“Many patients feel that being touched is important to getting better,” said the historian Paul Stepansky, author of In the Hands of Doctors: Touch and Trust in Medical Care. His father was a small-town general practitioner in Pennsylvania, and Stepansky saw firsthand the effect of those personal relationships. “Medicine then was all about touching, and patients welcomed their touch,” he said. “It was integral to doctoring, and partly because physicians were part of the community, medicine was about the laying on of hands.”
Now, in an era of electronic medical records, when physicians can spend most of an appointment staring into a computer screen, physical connection between doctor and patient may prove even more important. “Touch promotes trust,” says Stepansky, “not just talking or ordering studies.”
Others have passionately argued the case, like Dr Abraham Verghese’s push for more human touch in medicine. Verghese is a professor at the School of Medicine at Stanford University. His 2011 TED Talk in Edinburgh urged the audience to rethink clinical medical practice: “When we shorten the physical exam, we’re losing a ritual that I believe is transformative, transcendent and at the heart of the physician patient relationship.”
A physician’s role, he said in his talk, is “to touch, comfort, diagnose and bring about treatment.”
Patients with a chronic illness may spend decades, literally, in dozens of medical hands. Natasha Walsh, a political consultant in Alexandria, Virginia, who has Crohn’s disease, said she has experienced care both comforting and cold.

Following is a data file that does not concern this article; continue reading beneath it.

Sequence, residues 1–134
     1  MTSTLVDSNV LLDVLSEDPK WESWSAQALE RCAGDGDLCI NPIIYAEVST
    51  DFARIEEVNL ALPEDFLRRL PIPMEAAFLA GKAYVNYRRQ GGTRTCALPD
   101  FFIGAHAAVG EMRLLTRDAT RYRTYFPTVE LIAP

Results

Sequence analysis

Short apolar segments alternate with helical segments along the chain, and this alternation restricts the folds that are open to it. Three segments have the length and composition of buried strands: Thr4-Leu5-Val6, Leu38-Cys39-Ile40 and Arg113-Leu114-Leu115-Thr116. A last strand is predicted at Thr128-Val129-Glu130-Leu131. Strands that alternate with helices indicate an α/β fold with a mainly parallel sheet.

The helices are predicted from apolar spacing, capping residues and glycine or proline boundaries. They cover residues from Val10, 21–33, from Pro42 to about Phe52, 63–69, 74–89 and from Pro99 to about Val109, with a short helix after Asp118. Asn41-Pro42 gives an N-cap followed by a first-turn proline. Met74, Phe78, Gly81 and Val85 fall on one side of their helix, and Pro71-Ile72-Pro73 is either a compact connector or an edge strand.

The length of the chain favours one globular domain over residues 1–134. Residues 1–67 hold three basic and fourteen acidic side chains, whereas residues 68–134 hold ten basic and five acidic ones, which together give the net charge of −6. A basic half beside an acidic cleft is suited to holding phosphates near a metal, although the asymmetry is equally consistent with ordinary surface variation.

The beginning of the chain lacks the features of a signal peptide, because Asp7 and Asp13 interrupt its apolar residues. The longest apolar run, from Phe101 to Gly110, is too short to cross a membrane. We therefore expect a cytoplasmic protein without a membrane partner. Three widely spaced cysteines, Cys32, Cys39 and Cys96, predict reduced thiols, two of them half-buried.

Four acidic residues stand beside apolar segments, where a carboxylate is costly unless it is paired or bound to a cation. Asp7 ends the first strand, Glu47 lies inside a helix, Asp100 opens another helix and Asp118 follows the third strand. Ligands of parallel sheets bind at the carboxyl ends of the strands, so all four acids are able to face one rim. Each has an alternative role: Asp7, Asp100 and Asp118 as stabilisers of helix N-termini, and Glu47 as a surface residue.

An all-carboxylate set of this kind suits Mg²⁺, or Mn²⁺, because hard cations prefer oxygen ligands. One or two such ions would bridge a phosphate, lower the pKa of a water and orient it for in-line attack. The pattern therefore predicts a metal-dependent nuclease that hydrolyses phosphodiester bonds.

“I know there are patients who bristle at being ‘manhandled’ or poked and prodded, and after being sick for 20 years, that doesn’t bother me at all,” she said. “I have doctors who I’ve had a long relationship with who I feel comfortable enough to hug or be otherwise chummy with, so in those cases I absolutely feel comforted by their touch, just as I would a friend’s.”
Once, in the intensive care unit at Washington Hospital Center, “after a bowel resection gone horribly wrong, I’d gone completely septic and I had been in a medical coma for about a week and woke up and had no muscle tone at all,” Walsh recalled. “I could barely roll over. So one of the male nurses would wheel my gurney to the CT scan or MRI rooms and had to physically pick me up and roll me into position, and I remember thinking how overwhelmed with gratitude I was for his strength and how gently he handled me.”
Yet she gave up on another local physician, a gastrointestinal specialist, “because he never once physically examined me. He was almost too clinical.”